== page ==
April 12 (Bloomberg) -- Carrefour SA, the world’s second-largest retailer, reported a 1.5 percent increase in first-quarter sales as Latin American demand and new stores in Asia more than made up for declines in southern Europe.
Revenue rose to 22.5 billion euros ($29.6 billion), the Boulogne-Billancourt, France-based company said today in a statement. The median of 15 analysts’ estimates compiled by Bloomberg was 22.6 billion euros. Sales at stores open a year or more fell 0.1 percent, excluding currency moves and gasoline.
Carrefour is scaling down European investment, including halting a revamp of its largest stores, adding more “drive” pick-up points and cutting prices as consumers shop locally and online for groceries and at specialists for non-food items. Georges Plassat joined this month as chief operating officer. He will become chairman and chief executive officer after the annual shareholder meeting June 18, replacing Lars Olofsson.
“The trends we observed this quarter and the persistently difficult trading environment confirm our determination to pursue the execution of our Reset plan in France, focus on cash and cost efficiency, further extend our Carrefour-branded product offer and continue expanding in emerging markets,” Olofsson said in the statement.
The shares rose as much as 3.1 percent to 16.58 euros and traded at 16.38 euros as of 10:06 a.m. in Paris, giving the company a market value of 11.1 billion euros.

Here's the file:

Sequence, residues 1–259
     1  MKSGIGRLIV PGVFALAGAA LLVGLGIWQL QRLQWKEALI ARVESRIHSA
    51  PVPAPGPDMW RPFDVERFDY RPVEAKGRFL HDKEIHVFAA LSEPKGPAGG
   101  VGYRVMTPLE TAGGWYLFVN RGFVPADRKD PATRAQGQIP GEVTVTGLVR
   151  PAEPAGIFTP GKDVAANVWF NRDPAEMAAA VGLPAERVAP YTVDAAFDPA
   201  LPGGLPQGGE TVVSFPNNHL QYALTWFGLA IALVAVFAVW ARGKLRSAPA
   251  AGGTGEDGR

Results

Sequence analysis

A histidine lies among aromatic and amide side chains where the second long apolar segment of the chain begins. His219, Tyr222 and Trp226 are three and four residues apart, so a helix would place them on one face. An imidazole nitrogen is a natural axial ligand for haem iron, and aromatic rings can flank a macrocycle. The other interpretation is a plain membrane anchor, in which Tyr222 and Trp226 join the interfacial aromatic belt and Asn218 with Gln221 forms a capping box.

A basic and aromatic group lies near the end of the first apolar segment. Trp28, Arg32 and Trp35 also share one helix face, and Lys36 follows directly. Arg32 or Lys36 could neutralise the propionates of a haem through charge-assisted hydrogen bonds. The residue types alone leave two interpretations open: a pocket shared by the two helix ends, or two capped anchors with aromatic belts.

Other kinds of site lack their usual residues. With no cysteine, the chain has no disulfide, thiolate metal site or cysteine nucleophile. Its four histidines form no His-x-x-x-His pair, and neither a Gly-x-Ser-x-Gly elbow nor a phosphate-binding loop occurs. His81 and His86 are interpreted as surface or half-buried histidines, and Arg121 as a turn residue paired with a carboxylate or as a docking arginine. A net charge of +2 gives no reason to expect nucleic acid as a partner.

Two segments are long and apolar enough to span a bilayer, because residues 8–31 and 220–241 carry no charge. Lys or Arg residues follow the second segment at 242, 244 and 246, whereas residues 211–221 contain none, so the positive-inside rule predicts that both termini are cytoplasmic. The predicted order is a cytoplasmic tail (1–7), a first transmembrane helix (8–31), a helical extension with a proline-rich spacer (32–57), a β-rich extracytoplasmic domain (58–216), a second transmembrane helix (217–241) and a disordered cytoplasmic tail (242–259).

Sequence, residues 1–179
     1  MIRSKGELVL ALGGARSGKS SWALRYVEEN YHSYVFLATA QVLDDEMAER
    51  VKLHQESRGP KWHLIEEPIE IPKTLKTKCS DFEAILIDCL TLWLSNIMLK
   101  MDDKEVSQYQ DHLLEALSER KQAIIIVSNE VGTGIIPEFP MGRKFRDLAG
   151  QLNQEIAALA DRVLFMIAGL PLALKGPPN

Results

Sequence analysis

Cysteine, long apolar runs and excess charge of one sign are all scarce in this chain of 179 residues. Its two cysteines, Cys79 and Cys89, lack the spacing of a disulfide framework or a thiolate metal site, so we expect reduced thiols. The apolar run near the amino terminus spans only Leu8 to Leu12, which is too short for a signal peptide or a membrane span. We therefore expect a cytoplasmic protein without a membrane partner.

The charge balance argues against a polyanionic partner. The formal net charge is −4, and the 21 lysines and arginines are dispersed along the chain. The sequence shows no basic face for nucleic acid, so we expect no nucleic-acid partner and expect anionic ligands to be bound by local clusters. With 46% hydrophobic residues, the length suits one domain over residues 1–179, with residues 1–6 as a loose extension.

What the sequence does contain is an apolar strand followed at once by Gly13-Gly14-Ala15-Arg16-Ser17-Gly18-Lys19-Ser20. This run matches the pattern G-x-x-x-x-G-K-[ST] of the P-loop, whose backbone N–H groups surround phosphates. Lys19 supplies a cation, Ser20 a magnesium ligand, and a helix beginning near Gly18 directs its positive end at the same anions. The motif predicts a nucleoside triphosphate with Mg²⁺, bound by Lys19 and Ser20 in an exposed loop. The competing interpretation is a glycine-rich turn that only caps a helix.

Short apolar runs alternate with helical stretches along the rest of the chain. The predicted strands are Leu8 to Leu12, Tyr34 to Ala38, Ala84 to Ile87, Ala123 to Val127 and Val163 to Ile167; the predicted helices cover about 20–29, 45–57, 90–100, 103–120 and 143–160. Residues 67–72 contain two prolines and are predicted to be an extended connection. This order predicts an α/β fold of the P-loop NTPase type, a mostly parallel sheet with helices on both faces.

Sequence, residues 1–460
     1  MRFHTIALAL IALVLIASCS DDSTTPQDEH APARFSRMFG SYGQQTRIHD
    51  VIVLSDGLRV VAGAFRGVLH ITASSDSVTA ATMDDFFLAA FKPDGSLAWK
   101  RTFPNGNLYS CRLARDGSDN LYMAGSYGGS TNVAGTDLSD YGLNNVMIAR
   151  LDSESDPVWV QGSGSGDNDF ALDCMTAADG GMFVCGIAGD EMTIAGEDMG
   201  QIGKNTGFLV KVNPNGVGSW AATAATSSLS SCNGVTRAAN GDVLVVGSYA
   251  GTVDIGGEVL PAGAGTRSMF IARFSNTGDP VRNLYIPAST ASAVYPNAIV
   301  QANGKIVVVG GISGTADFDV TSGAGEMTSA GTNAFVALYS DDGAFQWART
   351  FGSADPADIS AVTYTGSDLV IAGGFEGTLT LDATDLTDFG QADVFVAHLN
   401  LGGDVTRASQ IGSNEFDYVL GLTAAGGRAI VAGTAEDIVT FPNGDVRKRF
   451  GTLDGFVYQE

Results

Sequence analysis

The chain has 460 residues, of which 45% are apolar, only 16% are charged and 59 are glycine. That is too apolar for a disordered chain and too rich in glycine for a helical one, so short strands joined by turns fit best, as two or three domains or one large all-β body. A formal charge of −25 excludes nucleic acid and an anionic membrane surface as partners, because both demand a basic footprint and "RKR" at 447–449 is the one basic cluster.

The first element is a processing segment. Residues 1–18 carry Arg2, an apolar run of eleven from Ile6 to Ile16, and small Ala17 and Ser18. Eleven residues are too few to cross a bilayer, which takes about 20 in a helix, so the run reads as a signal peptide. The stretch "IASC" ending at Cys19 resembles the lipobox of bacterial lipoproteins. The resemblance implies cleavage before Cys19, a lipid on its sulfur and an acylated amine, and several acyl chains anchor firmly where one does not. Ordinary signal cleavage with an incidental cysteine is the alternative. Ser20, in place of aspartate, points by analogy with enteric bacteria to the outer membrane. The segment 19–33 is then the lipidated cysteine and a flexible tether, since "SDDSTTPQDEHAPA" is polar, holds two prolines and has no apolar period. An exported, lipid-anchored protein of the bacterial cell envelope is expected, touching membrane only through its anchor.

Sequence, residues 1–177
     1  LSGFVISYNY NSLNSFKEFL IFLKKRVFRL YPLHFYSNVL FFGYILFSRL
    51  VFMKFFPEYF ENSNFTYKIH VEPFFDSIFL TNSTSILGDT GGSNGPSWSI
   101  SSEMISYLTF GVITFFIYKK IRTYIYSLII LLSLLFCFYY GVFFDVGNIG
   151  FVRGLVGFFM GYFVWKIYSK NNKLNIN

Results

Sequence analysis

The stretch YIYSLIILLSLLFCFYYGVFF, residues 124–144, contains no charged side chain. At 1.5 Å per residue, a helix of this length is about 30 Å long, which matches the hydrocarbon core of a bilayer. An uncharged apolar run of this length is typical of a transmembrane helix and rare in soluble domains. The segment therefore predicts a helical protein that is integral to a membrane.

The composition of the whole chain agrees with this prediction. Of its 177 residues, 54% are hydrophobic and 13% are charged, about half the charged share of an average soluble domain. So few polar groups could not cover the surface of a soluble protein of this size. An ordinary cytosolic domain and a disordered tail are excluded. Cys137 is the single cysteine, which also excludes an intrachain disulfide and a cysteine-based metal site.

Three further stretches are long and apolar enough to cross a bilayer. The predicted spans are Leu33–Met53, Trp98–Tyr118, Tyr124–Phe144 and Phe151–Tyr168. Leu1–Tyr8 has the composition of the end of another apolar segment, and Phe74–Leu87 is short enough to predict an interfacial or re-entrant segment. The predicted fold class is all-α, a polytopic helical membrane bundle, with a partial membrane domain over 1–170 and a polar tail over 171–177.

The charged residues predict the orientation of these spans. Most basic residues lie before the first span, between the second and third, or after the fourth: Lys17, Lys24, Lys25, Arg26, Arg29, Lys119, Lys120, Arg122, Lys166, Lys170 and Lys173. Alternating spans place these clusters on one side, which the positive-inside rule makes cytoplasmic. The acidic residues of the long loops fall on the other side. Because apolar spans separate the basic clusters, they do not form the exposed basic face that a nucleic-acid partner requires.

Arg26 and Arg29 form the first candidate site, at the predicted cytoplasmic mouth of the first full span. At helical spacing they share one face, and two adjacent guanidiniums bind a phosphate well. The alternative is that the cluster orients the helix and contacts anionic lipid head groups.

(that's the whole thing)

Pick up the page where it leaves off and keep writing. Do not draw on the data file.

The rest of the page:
Carrefour’s price perception with its clients is improving, Chief Financial Officer Pierre-Jean Sivignon said today on a call to analysts.
“Group sales growth was lackluster,” James Grzinic, an analyst at Jefferies in London, wrote today in a note to clients. While Carrefour’s performance in Brazil was strong, it was mixed in France and emerging markets and southern Europe is getting worse, said the analyst who recommends holding the stock.
In France, like-for-like sales fell 0.3 percent, excluding gasoline and currency moves, as shoppers abandoned Carrefour’s largest stores, or hypermarkets, particularly for non-food items. The decline partly reflects the anticipated short-term effects of a new commercial mix and more Carrefour branded products on shelves, the grocer said.
French hypermarket sales decreased 3.1 percent on the same basis, while supermarket sales rose 1.8 percent and other formats, which include convenience stores, surged 9.8 percent.
In the rest of Europe, like-for-like sales declined 3.8 percent, excluding gasoline and currency moves, led by Greece and Spain, even as sales climbed in Belgium and Poland. Spain is a two-tier country in terms of consumer spending power and the gap between the north and south of the country is widening in this respect, Sivignon said.
In Latin America, like-for-like sales surged 8.6 percent, excluding gasoline and currency moves. In Asia, sales climbed 6.1 percent on a reported basis as Carrefour opened two hypermarkets, adding 5,000 square meters of selling space. On a like-for-like basis Asian sales declined 4.3 percent, hurt by non-food sales in China.
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